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A DIVINE GUEST

From this point onwards, God in the form of the deity is worshiped in a very comprehensive manner. The deity is a divine incarnation, entrusting Himself to human care. Therefore, the deity is a divine guest and should be treated as such. Incense, flowers, lights, singing, and food are offered to Him. Through this service, a loving exchange between God and His devotee can arise.

BRIEF "PORTRAIT" OF THE DEITIES IN THE ZURICH TEMPLE

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JAGANNATHA, BALADEVA & SUBHADRA

(Krishna and His siblings – appeared in this world around 5000 years ago)


Three deities of God as worshiped for millennia in the coastal city of Puri in Odisha, India. They depict Krishna along with His brother and sister, who, with their large eyes and broad smiles, express ecstatic feelings upon being separated from their devotees.

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SRI JAGANNATHA

Jagannatha means "the Lord (natha) of the universe (jagat)" and refers to the supreme personality of God, Sri Krishna.

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SRI BALADEVA

Baladeva, the god (deva) of strength (bala), also known as Balarama, is Krishna's elder brother and His first immediate expansion.

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SRIMATI SUBHADRA

Subhadra, the auspicious one, is Krishna's sister. She embodies the mystical potency of God (yoga-maya) and is the wife of the great Pandava warrior Arjuna.

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SRI SRI GAURA NITAI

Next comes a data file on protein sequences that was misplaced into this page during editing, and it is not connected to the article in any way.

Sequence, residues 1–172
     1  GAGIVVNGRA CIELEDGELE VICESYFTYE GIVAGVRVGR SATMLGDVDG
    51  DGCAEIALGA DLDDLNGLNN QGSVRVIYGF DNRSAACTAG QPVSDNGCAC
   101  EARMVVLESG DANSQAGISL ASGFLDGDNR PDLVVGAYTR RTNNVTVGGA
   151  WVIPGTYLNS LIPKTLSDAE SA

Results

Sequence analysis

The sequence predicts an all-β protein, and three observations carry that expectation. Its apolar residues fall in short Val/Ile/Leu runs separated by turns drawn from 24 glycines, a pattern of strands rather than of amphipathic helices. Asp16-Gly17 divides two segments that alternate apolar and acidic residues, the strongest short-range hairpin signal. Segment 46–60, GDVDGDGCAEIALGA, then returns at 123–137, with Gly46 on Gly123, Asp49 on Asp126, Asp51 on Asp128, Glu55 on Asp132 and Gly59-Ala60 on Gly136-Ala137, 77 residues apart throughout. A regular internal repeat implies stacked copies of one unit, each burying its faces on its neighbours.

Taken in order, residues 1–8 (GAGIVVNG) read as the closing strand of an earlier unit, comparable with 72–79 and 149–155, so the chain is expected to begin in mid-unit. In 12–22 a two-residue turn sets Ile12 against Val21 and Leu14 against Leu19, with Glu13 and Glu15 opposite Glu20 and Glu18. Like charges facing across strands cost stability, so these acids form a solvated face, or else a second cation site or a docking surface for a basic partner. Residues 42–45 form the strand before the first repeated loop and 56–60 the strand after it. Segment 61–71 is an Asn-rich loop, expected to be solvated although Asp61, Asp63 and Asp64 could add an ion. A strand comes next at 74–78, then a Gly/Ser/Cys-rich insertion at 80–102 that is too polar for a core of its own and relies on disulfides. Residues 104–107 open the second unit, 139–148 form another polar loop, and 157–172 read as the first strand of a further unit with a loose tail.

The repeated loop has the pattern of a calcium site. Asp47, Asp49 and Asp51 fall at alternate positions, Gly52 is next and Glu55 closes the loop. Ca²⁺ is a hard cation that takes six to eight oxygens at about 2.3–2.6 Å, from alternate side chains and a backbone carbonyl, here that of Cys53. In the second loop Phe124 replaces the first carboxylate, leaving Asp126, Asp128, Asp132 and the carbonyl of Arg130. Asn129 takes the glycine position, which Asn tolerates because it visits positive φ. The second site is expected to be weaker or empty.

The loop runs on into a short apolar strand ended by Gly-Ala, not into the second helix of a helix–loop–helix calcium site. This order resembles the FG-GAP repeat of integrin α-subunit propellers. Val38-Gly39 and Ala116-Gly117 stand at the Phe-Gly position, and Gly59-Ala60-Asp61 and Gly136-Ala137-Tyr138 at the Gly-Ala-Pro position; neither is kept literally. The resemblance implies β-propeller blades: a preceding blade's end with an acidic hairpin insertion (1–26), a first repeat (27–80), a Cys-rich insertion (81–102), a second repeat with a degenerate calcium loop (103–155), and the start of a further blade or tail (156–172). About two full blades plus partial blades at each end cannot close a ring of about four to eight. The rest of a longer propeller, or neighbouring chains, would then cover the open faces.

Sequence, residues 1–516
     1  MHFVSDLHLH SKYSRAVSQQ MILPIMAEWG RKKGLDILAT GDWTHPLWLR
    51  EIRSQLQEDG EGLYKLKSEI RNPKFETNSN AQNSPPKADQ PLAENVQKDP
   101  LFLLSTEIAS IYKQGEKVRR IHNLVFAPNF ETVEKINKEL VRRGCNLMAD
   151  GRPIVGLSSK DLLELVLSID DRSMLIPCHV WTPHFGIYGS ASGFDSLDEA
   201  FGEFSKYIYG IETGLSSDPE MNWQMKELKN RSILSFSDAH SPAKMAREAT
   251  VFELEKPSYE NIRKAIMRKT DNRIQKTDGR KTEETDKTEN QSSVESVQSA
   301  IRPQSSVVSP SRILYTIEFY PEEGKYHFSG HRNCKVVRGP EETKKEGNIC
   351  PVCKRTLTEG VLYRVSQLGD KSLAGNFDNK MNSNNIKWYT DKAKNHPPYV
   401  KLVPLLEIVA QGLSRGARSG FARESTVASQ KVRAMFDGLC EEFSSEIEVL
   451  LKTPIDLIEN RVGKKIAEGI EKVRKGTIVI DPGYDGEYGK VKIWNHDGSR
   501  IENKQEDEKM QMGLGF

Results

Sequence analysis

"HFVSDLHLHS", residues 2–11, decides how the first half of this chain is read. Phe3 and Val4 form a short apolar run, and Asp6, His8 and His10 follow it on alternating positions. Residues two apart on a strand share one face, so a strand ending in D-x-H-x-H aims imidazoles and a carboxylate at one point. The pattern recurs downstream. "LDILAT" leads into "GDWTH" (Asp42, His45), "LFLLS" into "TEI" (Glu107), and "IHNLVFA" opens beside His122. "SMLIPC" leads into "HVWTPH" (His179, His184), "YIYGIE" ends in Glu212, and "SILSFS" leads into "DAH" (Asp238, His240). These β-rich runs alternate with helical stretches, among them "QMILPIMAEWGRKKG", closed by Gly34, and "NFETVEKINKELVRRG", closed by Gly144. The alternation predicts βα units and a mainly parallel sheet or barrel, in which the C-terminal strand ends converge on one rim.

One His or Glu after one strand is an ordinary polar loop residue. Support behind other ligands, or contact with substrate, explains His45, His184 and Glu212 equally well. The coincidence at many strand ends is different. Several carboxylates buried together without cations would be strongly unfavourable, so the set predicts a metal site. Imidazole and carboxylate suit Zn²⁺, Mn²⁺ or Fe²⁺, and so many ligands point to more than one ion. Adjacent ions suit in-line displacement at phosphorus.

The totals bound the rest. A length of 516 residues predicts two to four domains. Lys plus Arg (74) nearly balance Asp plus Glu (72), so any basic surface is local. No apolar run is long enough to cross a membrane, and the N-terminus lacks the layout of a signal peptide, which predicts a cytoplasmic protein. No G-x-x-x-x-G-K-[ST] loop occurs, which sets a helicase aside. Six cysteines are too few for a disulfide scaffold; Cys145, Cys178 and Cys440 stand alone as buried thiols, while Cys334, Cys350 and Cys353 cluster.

(Krishna & Balarama – appeared around 500 years ago)

Sri Sri Gaura Nitai are considered channa-avatars, hidden incarnations of God.

Sri Krishna appeared as Sri Chaitanya, the son of Mother Saci, and Balarama appeared as Nityananda.

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SRI CAITANYA

Sri Caitanya Mahaprabhu, Caitanya meaning consciousness, (1486-1533), is a unified embodiment of Radha and Krishna. He is considered a hidden incarnation because he does not openly reveal his identity as an incarnation of God but rather plays the role of a devotee (Bhakta Avatar). The holy scriptures describe Caitanya as the "golden avatar of the Kali Yuga," who brings pure divine love into the world through the chanting of the holy names of Krishna.

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SRI NITYANANDA

Sri Nityananda, eternally (nitya) immersed in bliss (ananda), is the transcendental brother of Caitanya, who is considered an even more merciful incarnation of God and blesses everyone who chants the holy name of God with faith.